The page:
CAMPBELL It’s like one of those classic old American folk songs, it’s universal.
HELM It could have come over from the old country.
CAMPBELL And when [Helm] sings it, it puts it right there.
Larry, what guitars are you playing these days?
CAMPBELL I play Martins, a D-28 or a D-18. The ones I use mostly are relatively new. I got them from the company when I was with Bob. They’re vintage reissue models, really well made. But on this record I use a couple of Gibsons, too, because for some rhythm track[s] nothing records like a Gibson. If you’re looking for that rhythm thing to occupy its own space [and] drive with the drums, the Gibson does that very well. I do own a Sobell, which I played on my solo record because that instrument’s got an incredible voice for solo acoustic fingerpicking. Teresa plays a Gibson Hummingbird that Levon gave her, and that’s a great guitar.
On both Dirt Farmer and this one I use the National (12-fret “O” Model, metal-body guitar) a lot, both with and without a slide. I got it about eight years ago from National when they started remaking the old round-neck models. I was looking for an old one but it’s hard to find a really good-sounding one that will stay in tune [and has] a straight neck. I went to the factory and checked this one out and it sounded as good as any of the older ones, and it had a truss rod which the old ones don’t. The beauty of those guitars is that it’s a metal body and what counts is how they make the cone in there. If that’s done well it sounds great. They’re doing it really well.
Do you keep the action low like a regular guitar or do you raise it for the slide?
CAMPBELL A little bit higher than normal.
HELM So you’ll still be able to fret it. I haven’t figured out a way to incorporate that live yet because it’s got a great sound when you plug it in but it loses that acoustic quality.
Those great acoustic instruments, with mandolin and everything, they really tune the drums. The cymbals and the drums all become more pitch-oriented, they make everything more tuneful. And the horns do that, too. The trumpets do a wonderful thing with those rivet cymbals—make ’em buzz just a little bit hotter.
Levon, you mostly play mandolin when you play a stringed instrument.
HELM Most of the time it’s a mandolin, but whether it’s a guitar or a mandolin, I’m playin’ it like a drum, I’m not doing much with it. I’m just following the basic rhythm patterns.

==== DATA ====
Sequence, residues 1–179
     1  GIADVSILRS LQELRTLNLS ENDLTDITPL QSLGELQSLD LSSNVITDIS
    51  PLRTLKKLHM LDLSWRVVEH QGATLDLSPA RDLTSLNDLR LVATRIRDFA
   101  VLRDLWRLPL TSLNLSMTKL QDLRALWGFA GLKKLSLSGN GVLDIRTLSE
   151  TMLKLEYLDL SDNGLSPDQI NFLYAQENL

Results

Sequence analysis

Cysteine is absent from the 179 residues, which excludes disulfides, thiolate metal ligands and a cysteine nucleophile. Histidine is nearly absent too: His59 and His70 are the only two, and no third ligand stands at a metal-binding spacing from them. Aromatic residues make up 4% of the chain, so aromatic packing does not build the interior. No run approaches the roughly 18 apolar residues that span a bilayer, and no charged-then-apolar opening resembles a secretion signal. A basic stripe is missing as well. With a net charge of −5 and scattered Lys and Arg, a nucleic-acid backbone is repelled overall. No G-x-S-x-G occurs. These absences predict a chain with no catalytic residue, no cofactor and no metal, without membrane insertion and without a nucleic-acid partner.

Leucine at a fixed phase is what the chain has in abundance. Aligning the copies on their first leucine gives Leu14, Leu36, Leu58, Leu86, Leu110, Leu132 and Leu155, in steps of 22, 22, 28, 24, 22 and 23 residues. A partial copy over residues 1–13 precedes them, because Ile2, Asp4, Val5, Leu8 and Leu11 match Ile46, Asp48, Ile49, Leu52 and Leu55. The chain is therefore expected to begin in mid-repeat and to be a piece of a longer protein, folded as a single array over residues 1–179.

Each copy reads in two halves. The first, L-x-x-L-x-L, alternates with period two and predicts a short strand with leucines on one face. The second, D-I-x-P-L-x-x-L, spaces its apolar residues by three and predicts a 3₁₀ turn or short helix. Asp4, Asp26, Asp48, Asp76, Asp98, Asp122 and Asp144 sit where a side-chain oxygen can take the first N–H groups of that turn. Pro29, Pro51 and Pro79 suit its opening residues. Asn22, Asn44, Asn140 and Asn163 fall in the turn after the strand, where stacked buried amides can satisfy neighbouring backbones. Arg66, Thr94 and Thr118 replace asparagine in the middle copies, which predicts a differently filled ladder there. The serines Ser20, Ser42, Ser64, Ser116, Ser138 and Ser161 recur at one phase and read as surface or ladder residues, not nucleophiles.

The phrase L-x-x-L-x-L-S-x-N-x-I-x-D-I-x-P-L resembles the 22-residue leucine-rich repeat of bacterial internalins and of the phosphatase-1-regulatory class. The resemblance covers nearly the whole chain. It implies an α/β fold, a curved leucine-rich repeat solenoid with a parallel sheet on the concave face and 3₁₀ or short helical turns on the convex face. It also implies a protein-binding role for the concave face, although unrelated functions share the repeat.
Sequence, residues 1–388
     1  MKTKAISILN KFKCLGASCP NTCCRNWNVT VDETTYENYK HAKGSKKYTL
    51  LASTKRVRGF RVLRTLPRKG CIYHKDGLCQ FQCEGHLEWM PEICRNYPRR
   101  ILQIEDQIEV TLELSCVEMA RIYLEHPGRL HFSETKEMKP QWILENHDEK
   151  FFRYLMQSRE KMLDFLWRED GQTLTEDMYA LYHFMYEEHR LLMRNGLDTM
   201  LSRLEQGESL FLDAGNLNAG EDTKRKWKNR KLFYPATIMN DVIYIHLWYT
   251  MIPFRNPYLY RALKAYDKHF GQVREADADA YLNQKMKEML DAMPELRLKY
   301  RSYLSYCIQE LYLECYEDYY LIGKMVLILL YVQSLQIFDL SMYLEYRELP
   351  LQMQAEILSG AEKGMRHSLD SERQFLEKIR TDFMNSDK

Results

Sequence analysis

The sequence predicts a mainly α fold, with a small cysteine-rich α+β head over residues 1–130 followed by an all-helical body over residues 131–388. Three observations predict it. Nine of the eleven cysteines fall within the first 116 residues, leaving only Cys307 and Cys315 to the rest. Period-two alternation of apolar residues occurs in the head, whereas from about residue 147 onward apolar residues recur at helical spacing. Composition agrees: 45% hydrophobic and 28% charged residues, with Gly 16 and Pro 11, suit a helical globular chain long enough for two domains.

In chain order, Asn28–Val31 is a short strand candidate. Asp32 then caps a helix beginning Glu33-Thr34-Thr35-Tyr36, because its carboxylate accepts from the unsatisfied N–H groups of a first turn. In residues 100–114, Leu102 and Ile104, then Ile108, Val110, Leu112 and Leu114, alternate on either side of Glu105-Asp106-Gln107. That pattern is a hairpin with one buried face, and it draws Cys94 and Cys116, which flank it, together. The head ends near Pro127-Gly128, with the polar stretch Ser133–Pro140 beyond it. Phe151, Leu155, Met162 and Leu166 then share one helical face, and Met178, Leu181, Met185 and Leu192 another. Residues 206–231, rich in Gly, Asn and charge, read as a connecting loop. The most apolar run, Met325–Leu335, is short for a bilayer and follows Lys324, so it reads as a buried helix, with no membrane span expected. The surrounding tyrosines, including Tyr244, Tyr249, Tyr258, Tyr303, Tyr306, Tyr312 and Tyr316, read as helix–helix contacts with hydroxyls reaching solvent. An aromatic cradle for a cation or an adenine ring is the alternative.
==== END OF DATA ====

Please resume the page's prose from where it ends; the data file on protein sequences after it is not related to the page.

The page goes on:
It’s nice when you step out front and play and sing with the mandolin.
HELM It is nice. I like to let Amy get over there and have a hit or two on the drums.
CAMPBELL Levon was playing some great mandolin on Muddy’s “Stuff You Gotta Watch” [sings a little riff]. That’s killer mandolin! And I guess I’m playing it on the other one, “You Can’t Lose What You Ain’t Never Had.” Then we did ”That’s All Right,“ a Junior Parker tune that’s a bonus track that’s going to be used for something. Levon’s playing mandolin on that one, too. And Levon played mandolin on “Kingfish.” It almost sounds like an old-time tenor banjo.
What kinds of mandolins are you playing?
CAMPBELL We used my Gibson F-9 on the record, and Levon’s got a really nice Flatiron for playing live. That F-9 is like an F-5 without all the fancy stuff on it and it’s really nice. When Amy plays the mandolin she plays whatever’s up there.
So you guys are going to hit the road pretty soon and do a few gigs?
HELM Yes, we’re going to get to play with John Prine in Atlanta and Red Rocks. He came to a Ramble here a couple of weeks ago—boy, he sounds great! One of the best we got. We’re playing some theaters and festivals, and we’re playing Cain’s Ballroom in Tulsa. Yeah, they still got Cain’s Ballroom. Everything didn’t go to hell in a handbasket! AG
[SIDEBAR] What They Play
Acoustic Guitars: Martin D-18 Vintage reissue; D-28 Herringbone from the ‘90s; A new Gibson Jumbo belonging to Levon that he uses for a min-range rhythm sound; Late ‘90s Joe Dinkins (Abingdon, VA) handmade guitar with a big sound hole, modeled after Clarence White’s D-28
Amplification: “Fishman Matrix pickups on everything”
Strings: D’Addario Phosphor Bronze lights; Medium gauge on the National
Capos: Shubb or Planet Wave
Picks: Dunlop medium thumbpicks; Flatpicks “whatever’s around and handy.”
Mandolins: Gibson F-9 c. 2002